Rise of the Podcast

Designed by Swati Sheenum
Edited by Anna Dominic

In today’s ‘zooming’ world, productivity and multitasking are seen as quintessential qualities. People schedule tasks by the minute in their to-do lists and long for the days when they had an actual attention span as well as the time to sit down and savor a book. In such an era, digital content that can be consumed on-the-go has become extremely popular. One of these forms of content is podcasting. 

Podcasts are a relatively recent phenomenon. The earliest example of a podcast was in 2003, when Dave Winer compiled interviews conducted by an NPR host. The term ‘podcasting’ was listed as a potential name for the medium in 2004 by a Guardian columnist. It received a major boost after Apple added a podcast directory in the iTunes Store in 2005. Over the 2010s, numerous companies and radio networks started their own podcasts, and many independent creators jumped on the bandwagon. Currently, there are over 1,000,000 podcasts worldwide, and even the White House uploads a downloadable weekly address. The number of listeners over the globe has doubled in the last decade. In the U.S., more than half the population has listened to a podcast, and 68 million citizens are weekly listeners. 

The boom of podcasts can be partially attributed to the general rise in online media consumption. However, there are many other aspects that appeal to netizens. First and foremost, one can hear podcasts whenever and wherever. Akin to how O.T.T. services such as Netflix are being preferred over television, people do not want their choices to be restricted by what is being aired.

Podcasts can serve as background music during the daily commute or chores, as it requires less focus than a book, and blends in with people’s tight schedules and need to multitask. It offers the listening ease of radio, but at our own convenience.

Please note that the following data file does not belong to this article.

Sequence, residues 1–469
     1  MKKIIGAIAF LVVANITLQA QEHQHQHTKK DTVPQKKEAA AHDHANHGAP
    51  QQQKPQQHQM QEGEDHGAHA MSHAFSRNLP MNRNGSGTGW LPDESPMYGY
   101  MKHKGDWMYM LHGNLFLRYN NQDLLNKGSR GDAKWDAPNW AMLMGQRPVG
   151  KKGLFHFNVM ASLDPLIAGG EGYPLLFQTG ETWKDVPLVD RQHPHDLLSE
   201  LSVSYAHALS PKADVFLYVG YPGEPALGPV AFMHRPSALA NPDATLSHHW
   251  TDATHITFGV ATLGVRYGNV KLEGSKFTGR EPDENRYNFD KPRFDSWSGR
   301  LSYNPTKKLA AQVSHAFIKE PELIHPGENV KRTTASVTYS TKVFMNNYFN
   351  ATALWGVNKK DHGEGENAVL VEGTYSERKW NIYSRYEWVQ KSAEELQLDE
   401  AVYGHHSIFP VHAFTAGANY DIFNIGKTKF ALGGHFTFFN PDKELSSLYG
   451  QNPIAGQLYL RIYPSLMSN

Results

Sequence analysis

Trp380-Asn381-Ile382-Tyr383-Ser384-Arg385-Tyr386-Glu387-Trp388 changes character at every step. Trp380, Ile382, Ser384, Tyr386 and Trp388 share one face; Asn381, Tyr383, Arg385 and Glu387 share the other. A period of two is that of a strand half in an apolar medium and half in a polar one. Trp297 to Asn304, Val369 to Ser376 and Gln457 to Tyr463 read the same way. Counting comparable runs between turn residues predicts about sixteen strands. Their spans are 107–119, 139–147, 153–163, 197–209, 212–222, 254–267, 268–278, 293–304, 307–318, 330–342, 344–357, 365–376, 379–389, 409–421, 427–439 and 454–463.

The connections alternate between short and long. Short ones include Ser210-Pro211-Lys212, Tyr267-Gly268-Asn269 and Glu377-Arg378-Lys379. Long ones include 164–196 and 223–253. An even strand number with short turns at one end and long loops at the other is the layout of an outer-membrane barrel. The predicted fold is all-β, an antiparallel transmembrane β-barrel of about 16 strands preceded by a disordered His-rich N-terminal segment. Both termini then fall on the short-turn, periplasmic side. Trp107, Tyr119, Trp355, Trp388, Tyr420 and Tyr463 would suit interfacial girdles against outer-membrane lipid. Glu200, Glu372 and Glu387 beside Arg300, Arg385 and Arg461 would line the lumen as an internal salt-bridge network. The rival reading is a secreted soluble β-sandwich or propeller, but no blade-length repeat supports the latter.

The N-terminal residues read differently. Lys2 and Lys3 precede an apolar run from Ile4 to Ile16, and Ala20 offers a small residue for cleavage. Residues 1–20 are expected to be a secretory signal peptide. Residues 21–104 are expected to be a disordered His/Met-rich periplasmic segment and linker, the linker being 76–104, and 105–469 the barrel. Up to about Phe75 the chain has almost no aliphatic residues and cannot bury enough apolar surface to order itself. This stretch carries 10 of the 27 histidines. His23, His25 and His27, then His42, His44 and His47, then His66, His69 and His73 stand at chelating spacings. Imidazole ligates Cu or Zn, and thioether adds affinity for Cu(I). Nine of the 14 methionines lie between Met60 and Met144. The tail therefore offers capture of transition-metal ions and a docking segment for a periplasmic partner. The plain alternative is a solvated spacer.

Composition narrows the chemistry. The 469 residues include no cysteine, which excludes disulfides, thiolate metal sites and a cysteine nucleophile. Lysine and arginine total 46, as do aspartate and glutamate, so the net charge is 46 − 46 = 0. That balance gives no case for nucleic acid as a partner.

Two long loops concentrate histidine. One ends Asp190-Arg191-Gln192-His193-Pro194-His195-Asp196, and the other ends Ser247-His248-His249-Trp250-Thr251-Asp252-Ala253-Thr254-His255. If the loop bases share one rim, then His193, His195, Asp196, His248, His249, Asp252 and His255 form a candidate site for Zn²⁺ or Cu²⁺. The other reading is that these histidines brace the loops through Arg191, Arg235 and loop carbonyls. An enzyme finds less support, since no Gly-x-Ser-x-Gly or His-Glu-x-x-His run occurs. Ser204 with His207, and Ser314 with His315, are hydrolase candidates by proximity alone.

The reduction in attention span, especially among the younger generation, is also a factor. It requires significantly less effort to passively listen to audio; some even find audio more stimulating than text. A vast majority of these series are also available for free on popular music streaming services, making user access very easy.

The sheer variety of the shows available is extremely impressive. Podcast listeners are a curious lot and are keen to explore all kinds of content. As it requires less investment than video content, creators can afford to create long-form content for niche audiences. They can have in-depth discussions without being limited by 30-minute slots and mandatory advertisements. Additionally, unlike traditional media, where the shows must cater to multiple demographics to be financially viable and be family-friendly, podcasts do not have to sacrifice honest content to such constraints. Stories of all genres, trivia, sports, comedy, news, music, history, science, philosophy, education, mystery, are just some of the countless themes available.